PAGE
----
Accident at Pipeline kills bodyboarder
Twenty-three-year-old bodyboarder Joshua Kalai Nakata, who by all accounts loved the ocean as much as he loved life, died Sunday after he apparently struck his head on the reef at the Banzai Pipeline on the North Shore.
With his bodyboard and fins ripped away, Nakata was under the water for about 10 to 15 minutes before he was found, family members said.
North Shore lifeguard Capt. Bodo Van Der Leeden said wave conditions for most of the day were 6 to 8 feet. At the time Nakata ran into trouble, 8- to 10-foot sets were coming in at low tide, Van Der Leeden said.
Lifeguards pulled Nakata out of the water and began cardiopulmonary resuscitation until paramedics arrived. He was taken in critical condition to Kahuku Hospital, where he died. An autopsy is expected to be performed today to determine the cause of death.
Nakata's mother described him as a great big brother to his three younger siblings. "He was every mother's dream to have a child," said Belinda Nakata. He was an easygoing person with a radiant smile that would light up a room, she said.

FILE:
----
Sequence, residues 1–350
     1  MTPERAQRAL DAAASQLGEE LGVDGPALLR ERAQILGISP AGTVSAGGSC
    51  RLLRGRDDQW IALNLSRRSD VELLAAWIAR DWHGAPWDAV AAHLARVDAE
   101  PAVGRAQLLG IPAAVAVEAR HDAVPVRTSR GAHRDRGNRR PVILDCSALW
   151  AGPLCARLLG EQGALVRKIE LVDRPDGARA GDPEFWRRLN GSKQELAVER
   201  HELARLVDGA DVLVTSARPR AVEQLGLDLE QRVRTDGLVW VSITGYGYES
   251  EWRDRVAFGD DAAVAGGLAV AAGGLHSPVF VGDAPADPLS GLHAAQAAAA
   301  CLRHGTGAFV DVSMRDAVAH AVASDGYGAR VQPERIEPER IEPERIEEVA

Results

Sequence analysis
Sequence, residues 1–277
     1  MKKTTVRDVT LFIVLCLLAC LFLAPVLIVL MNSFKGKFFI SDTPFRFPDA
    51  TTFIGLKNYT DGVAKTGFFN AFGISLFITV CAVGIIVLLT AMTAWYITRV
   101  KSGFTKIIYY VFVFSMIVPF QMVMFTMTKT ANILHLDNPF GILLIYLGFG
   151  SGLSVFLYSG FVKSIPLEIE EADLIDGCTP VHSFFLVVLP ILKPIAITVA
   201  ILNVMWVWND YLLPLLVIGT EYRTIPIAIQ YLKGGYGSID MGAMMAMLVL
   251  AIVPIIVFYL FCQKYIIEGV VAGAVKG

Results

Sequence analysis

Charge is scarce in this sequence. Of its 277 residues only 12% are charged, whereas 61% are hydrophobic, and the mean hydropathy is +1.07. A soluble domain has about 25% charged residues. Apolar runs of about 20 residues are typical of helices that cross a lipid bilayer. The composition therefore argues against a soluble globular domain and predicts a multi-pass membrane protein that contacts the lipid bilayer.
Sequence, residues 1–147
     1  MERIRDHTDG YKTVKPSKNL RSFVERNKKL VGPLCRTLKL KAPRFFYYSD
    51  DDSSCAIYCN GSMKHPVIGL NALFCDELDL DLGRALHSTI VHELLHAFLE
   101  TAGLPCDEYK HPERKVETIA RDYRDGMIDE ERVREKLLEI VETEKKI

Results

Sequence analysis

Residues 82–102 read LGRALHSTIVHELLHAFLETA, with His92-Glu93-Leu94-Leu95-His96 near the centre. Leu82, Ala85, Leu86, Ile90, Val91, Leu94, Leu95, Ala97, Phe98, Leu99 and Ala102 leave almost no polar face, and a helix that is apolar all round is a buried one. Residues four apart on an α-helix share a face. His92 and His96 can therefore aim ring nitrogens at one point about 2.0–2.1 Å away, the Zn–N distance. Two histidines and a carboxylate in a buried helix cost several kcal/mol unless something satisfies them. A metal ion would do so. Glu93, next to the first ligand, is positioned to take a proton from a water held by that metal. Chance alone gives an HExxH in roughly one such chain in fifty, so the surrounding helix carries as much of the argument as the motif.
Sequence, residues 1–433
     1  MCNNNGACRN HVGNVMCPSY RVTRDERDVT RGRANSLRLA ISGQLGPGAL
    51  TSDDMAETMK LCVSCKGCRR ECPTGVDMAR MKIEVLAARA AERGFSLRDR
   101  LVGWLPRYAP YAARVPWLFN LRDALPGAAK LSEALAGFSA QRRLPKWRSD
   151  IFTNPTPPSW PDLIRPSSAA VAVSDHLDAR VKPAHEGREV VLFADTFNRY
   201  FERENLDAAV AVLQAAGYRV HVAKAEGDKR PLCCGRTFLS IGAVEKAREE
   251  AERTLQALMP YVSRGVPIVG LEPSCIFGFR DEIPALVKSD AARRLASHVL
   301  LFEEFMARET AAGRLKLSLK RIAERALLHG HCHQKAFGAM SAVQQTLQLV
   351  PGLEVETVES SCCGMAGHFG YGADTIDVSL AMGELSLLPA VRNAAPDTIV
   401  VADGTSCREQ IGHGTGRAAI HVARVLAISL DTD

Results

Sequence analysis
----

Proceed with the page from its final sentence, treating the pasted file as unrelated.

Nakata, a 2002 graduate of Mililani High School, worked seven days a week at the United Parcel Service. He often drove to work with his younger brother, Gary Jr., also a UPS employee.
Nakata spent much of his spare time bodyboarding, family members said. His favorite spots were Back Doors and Off the Wall at Ehukai Beach Park. Nakata also frequented the Banzai Pipeline on days he knew he could handle the wave conditions, said his brother.
Nakata had been bodyboarding for four years. His brother described him as smart and friendly.
"Whenever I needed something, he always helped me out," Gary Nakata Jr. said as he choked back tears. "He was everything."
Nakata is also survived by father Gary, brother Chaz, sister Rosie and grandmother Lena Dungca. Services are pending.